Tag Archives: void

In Re: Maurice C. Jones, and and Citizen Center, v. Christian R. Samora, Treasurer; Town of Center; Herman Dickey Sisneros; Edward W. Garcia; and Geraldine Martinez, 2014CO4 (Jan. 27, 2014, as modified Feb. 24, 2014)

“[B]y 1896, the vast majority of states had adopted the Australian [secret] ballot system.” – Opinion. The Town of Center held an election recalling its mayor and trustees. A recalled trustee sued to have the election declared void, arguing that leaving absentee ballot stubs attached during the counting process violated the secrecy guarantee of the CO Constitution, Art. VII, Sec. 8. The trial court, relying on precedent set in Taylor v. Pile voided the election, even though the election’s fundamental integrity remained uncompromised. After reviewing the history of ballot secrecy and changes to Colorado election law, the Court reversed. The Court held 1) Sec. 8 applies only to marking ballots, not to detachable stubs, and 2) an election must be set aside only when an entire election is not secret. The statutory violations of CRS 31-10-607 and 1007 were not sufficient.

Advertisements

Leave a comment

Filed under Constitutional, Government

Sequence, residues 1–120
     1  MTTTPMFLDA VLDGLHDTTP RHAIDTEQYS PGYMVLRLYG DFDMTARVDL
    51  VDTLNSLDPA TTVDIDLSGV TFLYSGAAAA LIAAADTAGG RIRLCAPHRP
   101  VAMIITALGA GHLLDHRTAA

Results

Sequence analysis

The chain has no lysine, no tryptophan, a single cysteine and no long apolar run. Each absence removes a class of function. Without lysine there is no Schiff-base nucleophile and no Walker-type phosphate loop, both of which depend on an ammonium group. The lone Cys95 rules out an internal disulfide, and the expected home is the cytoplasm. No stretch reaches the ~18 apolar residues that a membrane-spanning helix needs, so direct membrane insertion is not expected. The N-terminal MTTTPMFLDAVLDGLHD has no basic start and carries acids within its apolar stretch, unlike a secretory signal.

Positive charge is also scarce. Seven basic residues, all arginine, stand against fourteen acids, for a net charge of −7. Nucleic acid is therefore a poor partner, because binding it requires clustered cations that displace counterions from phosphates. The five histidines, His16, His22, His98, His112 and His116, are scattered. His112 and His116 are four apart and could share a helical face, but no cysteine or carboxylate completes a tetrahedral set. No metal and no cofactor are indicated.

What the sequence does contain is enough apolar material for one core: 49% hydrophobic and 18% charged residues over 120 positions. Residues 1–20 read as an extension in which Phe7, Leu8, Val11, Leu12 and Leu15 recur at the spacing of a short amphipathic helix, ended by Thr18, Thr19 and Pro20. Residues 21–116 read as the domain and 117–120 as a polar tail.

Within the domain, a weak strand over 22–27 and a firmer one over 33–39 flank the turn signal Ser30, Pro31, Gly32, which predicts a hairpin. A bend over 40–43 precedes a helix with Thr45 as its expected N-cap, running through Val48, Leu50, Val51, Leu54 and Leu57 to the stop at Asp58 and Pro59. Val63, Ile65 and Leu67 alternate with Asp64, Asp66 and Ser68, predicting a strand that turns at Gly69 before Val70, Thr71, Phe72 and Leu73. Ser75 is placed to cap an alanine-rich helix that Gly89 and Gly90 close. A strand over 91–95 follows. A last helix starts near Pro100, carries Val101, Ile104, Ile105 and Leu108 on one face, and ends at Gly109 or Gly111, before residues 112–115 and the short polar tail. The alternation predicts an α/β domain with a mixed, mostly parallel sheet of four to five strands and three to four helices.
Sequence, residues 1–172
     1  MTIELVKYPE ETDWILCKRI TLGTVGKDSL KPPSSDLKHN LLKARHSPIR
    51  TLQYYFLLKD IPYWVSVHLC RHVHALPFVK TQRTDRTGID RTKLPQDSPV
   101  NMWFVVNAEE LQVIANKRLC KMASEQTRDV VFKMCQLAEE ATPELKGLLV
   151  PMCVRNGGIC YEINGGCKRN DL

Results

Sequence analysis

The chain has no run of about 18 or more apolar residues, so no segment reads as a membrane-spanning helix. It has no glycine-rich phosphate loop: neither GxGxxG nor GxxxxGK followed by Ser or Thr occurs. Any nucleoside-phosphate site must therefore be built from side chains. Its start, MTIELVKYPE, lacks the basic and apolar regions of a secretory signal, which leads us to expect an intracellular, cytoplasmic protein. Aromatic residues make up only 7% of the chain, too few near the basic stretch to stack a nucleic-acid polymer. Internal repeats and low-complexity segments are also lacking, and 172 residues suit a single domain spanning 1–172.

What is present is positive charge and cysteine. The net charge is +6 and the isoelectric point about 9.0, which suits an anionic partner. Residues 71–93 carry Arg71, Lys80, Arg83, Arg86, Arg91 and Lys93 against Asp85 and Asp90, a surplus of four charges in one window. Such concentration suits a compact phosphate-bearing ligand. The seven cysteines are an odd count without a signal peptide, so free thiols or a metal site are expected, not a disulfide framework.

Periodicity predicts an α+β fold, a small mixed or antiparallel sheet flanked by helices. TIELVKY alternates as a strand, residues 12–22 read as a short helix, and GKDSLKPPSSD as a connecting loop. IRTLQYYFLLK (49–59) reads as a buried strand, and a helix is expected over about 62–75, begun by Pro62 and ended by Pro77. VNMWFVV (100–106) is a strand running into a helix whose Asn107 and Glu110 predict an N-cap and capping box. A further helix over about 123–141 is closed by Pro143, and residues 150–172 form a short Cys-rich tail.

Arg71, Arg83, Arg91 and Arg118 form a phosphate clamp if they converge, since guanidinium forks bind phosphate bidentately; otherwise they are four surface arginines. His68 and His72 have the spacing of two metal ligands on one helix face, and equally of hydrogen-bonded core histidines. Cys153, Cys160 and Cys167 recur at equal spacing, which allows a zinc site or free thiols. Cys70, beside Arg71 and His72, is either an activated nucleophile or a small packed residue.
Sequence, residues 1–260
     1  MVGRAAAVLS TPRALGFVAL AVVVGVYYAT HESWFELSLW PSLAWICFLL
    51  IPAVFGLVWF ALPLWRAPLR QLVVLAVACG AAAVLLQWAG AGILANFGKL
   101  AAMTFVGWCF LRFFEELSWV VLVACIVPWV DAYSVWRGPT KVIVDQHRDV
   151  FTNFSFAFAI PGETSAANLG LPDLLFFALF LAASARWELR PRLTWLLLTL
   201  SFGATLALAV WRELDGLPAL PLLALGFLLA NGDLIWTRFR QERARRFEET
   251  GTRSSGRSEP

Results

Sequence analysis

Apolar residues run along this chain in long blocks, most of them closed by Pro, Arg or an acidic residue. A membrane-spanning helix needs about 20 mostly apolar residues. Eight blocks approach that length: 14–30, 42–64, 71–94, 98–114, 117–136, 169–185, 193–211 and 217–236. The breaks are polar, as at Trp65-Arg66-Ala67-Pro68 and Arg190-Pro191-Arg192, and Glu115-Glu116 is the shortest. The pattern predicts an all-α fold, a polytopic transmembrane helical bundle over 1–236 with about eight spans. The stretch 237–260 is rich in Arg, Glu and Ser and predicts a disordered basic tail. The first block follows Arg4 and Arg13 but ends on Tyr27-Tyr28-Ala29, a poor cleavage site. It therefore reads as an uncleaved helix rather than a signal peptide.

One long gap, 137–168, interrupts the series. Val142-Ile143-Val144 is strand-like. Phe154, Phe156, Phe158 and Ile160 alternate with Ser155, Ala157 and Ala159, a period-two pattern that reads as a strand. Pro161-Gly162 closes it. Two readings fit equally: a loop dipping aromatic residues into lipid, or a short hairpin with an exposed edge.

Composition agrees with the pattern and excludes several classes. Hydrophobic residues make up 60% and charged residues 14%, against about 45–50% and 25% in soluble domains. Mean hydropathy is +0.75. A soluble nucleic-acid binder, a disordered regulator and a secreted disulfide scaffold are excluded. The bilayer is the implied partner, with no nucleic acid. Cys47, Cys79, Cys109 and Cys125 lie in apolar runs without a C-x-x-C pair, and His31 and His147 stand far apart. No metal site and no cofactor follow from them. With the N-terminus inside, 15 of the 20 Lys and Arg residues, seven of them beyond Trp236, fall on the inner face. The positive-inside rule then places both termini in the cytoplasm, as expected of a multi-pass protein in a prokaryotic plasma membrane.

CapitalValue Advisors, LLC v. K2D, Inc., d/b/a Colorado Premium Foods; Kevin LaFleur; Don Babcock; and Triton Capital Partners, Ltd., 2013 COA 125 (August 15, 2013)

It is the promise, not the paper it’s written on, that makes a contract. Plaintiff is a capital advisory firm. It had an agreement with Defendants to help them find financing. Defendants later contracted with another firm that did secure financing for Defendants. Plaintiff sought to enforce a provision that entitled it to 4.5% of the financed amount. Defendants argued the agreement was void because two of three provisions violated CRS 12-61- 101 (brokerage laws) and CRS 11-51-604 (securities laws), and thus the whole agreement was void. The trial court agreed; the court of appeals did not. Looking to the number of promises in the agreement, the court held that, in essence, each provision was its own “contract” even though they were all memorialized in the same agreement. The two unlawful provisions were severed so the agreement was not void, and judgment for Defendants was reversed.

http://www.courts.state.co.us/Courts/Court_of_Appeals/Opinion/2013/12CA1396-PD.pdf

http://www.cobar.org/opinions/opinion.cfm?opinionid=9062&courtid=1

Leave a comment

Filed under Contracts, Corporations